Recipe Blog - Feature - Oak Smoked Tri-Tip

Oak Smoked Tri-Tip Recipe

By: Andrea Alden

The Tri-tip is a little bit of a challenge to get your hands on. There are only two on a cow so sometimes they get snapped up before you can get your hands on one. The Tri-tip is also called by several other names including the Sirloin Butt, Culotte, California-Cut, Aiguillette, Bürgermeisterstück, and a few others. People, butchers, often mislabel it as the Top Sirloin or the Bottom Sirloin too! It can be a hard cut to find but don’t lose heart. When you can get your hands on one, this Oak Smoked Tri-Tip Recipe will be ready and well worth the wait. 

What is a Tri-tip? The Tri-tip is a roast sized, triangular cut of beef from the bottom sirloin – explaining why it is sometimes mistaken for and labeled top or bottom sirloin. This cut is incredibly flavorful, well-marbled, tender, and lean. For best results, a slower cook, reverse sear style, followed by a high-heat sear, and a good rest will ensure a delightful meal. Adding smoke to the mix will only heighten the flavor.

Prep Time
10 Min
Cook Time
65 Min
Yield
4 to 6
Difficulty
Medium

Oak Smoked Tri-Tip Recipe

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Ingredients

Directions

Photos

Ingredients

1 (1½ to 3 lb.)

Tri-tip roast

Salt to taste

1 tbsp.

garlic powder

2 tsp.

freshly ground black pepper

2 tsp.

paprika

Directions
  1. The night before, salt the roast and place it on a wire rack over a baking sheet, in the refrigerator. This will ensure that the salt works its magic before you cook.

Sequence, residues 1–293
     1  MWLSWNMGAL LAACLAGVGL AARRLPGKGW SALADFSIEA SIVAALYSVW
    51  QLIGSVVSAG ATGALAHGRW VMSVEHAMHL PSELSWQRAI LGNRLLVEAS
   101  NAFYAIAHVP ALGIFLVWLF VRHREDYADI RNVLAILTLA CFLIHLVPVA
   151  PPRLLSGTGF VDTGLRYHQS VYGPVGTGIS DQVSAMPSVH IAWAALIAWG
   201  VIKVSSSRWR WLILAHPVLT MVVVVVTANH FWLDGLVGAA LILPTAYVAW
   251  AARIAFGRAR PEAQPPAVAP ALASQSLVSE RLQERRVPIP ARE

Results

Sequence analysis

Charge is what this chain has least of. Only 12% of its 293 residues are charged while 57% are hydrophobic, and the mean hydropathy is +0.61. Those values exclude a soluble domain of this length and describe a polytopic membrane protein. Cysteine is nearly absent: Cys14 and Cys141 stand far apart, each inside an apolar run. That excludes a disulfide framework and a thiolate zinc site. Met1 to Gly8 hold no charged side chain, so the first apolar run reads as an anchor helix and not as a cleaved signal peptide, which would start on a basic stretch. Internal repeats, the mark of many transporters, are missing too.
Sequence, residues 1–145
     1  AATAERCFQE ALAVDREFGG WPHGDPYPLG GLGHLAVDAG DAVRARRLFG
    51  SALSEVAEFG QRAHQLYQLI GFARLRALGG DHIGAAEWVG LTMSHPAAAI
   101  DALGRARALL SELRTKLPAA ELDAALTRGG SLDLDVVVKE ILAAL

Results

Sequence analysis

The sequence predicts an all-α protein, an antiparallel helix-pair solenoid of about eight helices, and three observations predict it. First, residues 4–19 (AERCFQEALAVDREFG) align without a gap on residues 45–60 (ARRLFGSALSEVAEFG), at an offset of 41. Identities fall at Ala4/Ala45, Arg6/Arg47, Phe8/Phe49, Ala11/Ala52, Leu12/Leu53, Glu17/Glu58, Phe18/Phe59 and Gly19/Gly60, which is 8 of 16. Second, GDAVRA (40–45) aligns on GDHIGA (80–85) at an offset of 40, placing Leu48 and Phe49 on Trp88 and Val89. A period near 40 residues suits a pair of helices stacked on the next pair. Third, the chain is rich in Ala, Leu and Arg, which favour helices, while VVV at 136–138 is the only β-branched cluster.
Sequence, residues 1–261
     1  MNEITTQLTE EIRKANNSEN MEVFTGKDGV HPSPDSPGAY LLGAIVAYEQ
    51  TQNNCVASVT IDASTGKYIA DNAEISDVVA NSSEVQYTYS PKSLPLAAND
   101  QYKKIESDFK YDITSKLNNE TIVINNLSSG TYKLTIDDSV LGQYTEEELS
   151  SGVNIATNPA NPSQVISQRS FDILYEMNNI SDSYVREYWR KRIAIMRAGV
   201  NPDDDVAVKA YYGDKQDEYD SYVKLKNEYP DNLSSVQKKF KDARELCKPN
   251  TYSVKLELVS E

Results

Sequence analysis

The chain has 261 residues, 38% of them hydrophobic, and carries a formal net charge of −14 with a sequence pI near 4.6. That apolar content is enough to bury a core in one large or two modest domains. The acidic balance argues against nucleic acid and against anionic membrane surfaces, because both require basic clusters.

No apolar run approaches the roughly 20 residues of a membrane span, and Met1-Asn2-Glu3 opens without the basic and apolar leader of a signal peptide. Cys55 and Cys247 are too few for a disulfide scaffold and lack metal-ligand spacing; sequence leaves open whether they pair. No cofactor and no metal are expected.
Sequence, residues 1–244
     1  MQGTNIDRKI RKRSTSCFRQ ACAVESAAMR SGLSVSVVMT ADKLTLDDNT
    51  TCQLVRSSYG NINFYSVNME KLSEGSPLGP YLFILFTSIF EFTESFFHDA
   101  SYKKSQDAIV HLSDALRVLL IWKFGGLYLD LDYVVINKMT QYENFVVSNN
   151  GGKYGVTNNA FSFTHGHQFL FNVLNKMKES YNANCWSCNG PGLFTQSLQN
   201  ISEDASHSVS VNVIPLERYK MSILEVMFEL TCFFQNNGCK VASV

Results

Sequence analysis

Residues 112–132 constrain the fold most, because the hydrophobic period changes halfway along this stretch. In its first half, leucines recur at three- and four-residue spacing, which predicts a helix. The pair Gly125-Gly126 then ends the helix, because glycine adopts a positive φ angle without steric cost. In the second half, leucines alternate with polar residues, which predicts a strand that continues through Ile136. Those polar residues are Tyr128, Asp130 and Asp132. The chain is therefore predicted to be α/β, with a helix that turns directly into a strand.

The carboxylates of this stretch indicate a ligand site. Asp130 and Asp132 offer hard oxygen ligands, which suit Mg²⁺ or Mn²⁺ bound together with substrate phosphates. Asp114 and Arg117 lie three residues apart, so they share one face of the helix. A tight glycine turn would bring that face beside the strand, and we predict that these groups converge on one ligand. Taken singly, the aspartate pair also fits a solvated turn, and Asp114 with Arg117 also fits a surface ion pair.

2. When you are ready to grill this recipe, set up your gas grill for using the charcoal tray. Remove the grids, and sear plates over two burners. Fit the charcoal tray directly on the burners. Fill it with a layer of charcoal, preferably natural lump, and use the burners to light the charcoal. 
  3. Allow the charcoal to ash over, preheating the grill to about 225 to 250°F. If you find your barbecue is getting too hot, spread the charcoal out if possible. 
  4. While the charcoal is getting hot, combine the garlic powder, pepper, and paprika in a bowl. Season all sides of the Tri-tip roast with the seasoning. 
  5. You can add the wood chips directly to the charcoal or place it into the compartment built into the charcoal tray. Add the oak wood chips. Replace the cooking grids.
  6. Place the meat near, but not directly over the charcoal, slowly smoking it for about an hour. (Remember that it will be less if the roast is smaller, more if the roast is bigger.) When the internal temperature of the Tri-tip reaches 110 to 120°F, remove it to a cutting board for a few moments. 
  7. Check the temperature of the charcoal in the tray. If you had to spread it out initially, bring it back together to create a little more heat. If it’s too cool, add a couple of new lumps to get it up to searing temperature. Once the charcoal is nice and hot, sear the beef over direct heat for a couple of minutes per side, on all sides, until delicious grill marks form and an internal temperature of 130°F is reached.